Poor argument

    Your whole article is bases around the straw man argument "Because there can be no proof of a scientific theory". I accept this as true, but this is not the point of science. The point is that we accept a theory if it models the data correctly. In the case where multiple theories can model the data, Occum's razor is used.

    No, I do not agree that the bullet cluster alone is sufficient to accept the DM hypothesis. What we can then do is look at all the other evidence and weigh it up. The lambda-CDM model provides an incredible description of a wide range of data see: http://www.sdss.org/...20031028.powerspectrum.html

    If you insist on pushing the MOND theories please point me to a publication that provides MOND predictions of: The power spectrum of the CMBR, large scale structure formation, intergalactic H clumping and rotation curves at least as good as those in the SDSS link above - AND it must be done with the same parameters, no tweaking on a case by case basis.

    This is why CDM is taken seriously and why MOND continues to lie on the fringe. Please stop playing the alternative scientist 'victim'.

  5. pavel kroupa Reply | Permalink

    @Jay "poor argument'

    Point 9 of
    http://www.scilogs.eu/...i-mond-works-far-too-well
    contains a link to MOND and the CMB.

    Structure formation in a MOND-based cosmology needs to be worked out (by whom though?), but the results that already exist (by Llinares et al., e.g. http://adsabs.harvard.edu/abs/2011EAS....44...57L) show that structure formation is quicker, as is indeed required by the distribution of matter in the Local Volume (see Peebles & Nusser, 2010, Nature). Doing numerical structure formation in MOND is a much greater computational challenge though than in the comparatively simpler LCDM. And yes, locking up resources with LCDM does not help in probing alternative models (such as e.g. based on MOND).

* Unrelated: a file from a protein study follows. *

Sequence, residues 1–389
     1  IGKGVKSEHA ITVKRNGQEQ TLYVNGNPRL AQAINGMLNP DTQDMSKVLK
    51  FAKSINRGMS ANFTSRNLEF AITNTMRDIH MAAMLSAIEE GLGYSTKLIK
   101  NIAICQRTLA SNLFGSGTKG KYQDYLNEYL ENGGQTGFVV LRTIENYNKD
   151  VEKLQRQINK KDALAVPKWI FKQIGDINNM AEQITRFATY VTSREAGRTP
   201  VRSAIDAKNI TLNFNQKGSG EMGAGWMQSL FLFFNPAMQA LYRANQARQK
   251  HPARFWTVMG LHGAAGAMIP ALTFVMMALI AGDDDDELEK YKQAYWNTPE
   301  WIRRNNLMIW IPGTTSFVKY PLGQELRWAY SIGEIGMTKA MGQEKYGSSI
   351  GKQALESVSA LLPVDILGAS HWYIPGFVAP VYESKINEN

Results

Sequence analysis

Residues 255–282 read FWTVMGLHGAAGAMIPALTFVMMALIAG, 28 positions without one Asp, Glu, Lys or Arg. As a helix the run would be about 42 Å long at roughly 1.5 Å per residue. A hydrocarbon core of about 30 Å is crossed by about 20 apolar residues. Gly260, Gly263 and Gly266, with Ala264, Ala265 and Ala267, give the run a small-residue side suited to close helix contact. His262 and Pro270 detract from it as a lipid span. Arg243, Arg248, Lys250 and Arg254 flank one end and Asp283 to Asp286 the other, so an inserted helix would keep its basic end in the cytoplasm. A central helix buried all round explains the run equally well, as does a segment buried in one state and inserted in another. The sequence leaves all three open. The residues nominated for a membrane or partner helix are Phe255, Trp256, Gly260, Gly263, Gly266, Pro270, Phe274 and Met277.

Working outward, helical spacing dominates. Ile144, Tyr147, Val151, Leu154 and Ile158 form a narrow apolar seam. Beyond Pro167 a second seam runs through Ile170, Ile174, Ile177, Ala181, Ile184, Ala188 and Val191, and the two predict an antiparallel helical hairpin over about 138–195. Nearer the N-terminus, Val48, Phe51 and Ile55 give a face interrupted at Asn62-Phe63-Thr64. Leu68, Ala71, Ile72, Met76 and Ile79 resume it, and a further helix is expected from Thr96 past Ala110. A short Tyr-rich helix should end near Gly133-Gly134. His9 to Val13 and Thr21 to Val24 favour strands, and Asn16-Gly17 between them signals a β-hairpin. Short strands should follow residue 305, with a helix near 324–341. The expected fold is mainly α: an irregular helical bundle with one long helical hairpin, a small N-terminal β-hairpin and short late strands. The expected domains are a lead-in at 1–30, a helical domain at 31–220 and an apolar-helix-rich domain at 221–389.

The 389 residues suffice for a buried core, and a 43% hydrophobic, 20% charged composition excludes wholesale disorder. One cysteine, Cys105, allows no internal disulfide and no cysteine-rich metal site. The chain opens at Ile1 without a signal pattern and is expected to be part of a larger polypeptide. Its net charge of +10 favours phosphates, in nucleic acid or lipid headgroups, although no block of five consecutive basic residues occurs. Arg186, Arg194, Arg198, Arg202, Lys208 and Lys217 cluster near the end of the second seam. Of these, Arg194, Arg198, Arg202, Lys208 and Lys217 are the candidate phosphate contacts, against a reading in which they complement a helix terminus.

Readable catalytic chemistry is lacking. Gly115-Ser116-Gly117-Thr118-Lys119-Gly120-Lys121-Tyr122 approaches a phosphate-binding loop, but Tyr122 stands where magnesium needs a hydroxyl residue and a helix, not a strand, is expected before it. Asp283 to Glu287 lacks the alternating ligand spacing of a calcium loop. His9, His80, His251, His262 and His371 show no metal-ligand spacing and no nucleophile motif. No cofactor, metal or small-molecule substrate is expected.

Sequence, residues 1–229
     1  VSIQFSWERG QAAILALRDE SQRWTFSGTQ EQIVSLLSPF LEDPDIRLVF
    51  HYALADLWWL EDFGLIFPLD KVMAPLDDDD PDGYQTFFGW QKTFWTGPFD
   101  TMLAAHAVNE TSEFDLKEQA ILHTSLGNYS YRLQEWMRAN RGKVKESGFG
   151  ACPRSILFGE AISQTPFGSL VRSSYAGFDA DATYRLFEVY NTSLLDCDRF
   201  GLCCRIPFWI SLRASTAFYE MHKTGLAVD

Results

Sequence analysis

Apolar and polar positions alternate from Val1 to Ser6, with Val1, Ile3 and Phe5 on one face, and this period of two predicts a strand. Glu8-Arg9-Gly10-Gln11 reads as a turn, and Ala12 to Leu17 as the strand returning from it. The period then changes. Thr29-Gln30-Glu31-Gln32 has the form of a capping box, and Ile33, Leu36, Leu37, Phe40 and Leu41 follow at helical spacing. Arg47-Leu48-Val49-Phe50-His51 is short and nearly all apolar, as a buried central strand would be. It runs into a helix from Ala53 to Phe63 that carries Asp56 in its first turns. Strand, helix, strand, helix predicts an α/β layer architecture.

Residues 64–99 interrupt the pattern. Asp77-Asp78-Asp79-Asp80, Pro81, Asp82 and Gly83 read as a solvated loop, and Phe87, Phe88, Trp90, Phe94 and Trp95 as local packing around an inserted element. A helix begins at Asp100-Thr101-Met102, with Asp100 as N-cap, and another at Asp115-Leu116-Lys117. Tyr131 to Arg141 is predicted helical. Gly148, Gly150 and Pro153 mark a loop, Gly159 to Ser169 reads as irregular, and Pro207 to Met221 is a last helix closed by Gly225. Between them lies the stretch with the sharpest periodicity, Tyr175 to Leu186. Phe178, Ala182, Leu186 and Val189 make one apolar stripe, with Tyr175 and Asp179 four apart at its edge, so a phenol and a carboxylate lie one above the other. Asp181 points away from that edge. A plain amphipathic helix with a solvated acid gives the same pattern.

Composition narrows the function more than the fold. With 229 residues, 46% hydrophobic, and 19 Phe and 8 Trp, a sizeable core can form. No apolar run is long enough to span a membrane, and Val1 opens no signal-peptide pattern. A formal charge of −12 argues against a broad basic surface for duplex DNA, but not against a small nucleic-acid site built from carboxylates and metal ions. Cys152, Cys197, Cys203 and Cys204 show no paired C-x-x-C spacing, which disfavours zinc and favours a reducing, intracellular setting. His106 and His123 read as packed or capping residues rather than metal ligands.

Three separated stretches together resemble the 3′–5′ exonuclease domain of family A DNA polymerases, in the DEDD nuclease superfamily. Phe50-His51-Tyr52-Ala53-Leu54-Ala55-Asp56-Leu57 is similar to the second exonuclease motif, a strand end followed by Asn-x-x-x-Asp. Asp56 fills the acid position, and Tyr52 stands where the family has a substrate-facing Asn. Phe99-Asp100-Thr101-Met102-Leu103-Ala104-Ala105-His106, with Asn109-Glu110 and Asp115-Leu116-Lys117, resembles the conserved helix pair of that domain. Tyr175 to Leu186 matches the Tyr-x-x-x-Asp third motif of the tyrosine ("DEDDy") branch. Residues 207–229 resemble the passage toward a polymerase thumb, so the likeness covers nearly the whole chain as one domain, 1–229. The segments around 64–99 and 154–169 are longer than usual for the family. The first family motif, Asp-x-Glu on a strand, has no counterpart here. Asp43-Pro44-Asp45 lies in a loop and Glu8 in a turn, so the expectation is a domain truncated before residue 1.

To claim that simplicity is the argument according to which theories are selected is silly: a nice counterexample is the necessity to go away from classical mechanics to quantum mechanics on small scales. Doing numerical computations in Newtonian mechanics is much simpler than in quantum mechanics (even today this is barely possible for all but the simplest molecules), but this is no argument against quantum mechanics (one would hope that Jay agrees here).

    LCDM is actually a bad theory: modelling the universe with LCDM is like trying to model a star based to more than 95 per cent unknown physics and with energy not being conserved. If it would work then fine, then we could argue that the 95 per cent unknown phyics is new physics. But on scales of the Local Volume and below LCDM fails on every test performed. If you do not believe Kroupa et al. (2010) then check out Peebels & Nusser (2010, Nature).

    "The lambda-CDM model provides an incredible description of a wide range of data" is true, but does not mean that another theory may not be better. It is clear that any new theory will have to agree with the observational constraints.

    The success of MOND is pointing towards a deeper understanding of gravity and mass and this is similar to the early pointers towards quantum mechanics before it was formulated properly much later: early pointers away from classical mechanics were the existence of spectral lines, Planck's introduction of an unknown number h, and other effects. But 100 years ago Jay would probably have argued that the success of classical mechanics is so overwhelming that it's apparent failures on the small scales are irrelevant. Luckily there were other very bright physicists who thought otherwise.

  6. Jay Reply | Permalink

    Come Pavel, there is no need to stoop to mud slinging. Comments such as "But 100 years ago Jay would probably have argued
    that the success of classical mechanics is so overwhelming that
    it's apparent failures on the small scales are irrelevant. " do nothing to support your position and mearly detract from your otherwise well reasoned post. In attempting to point out my closed-mindedness you are only highlighting your own.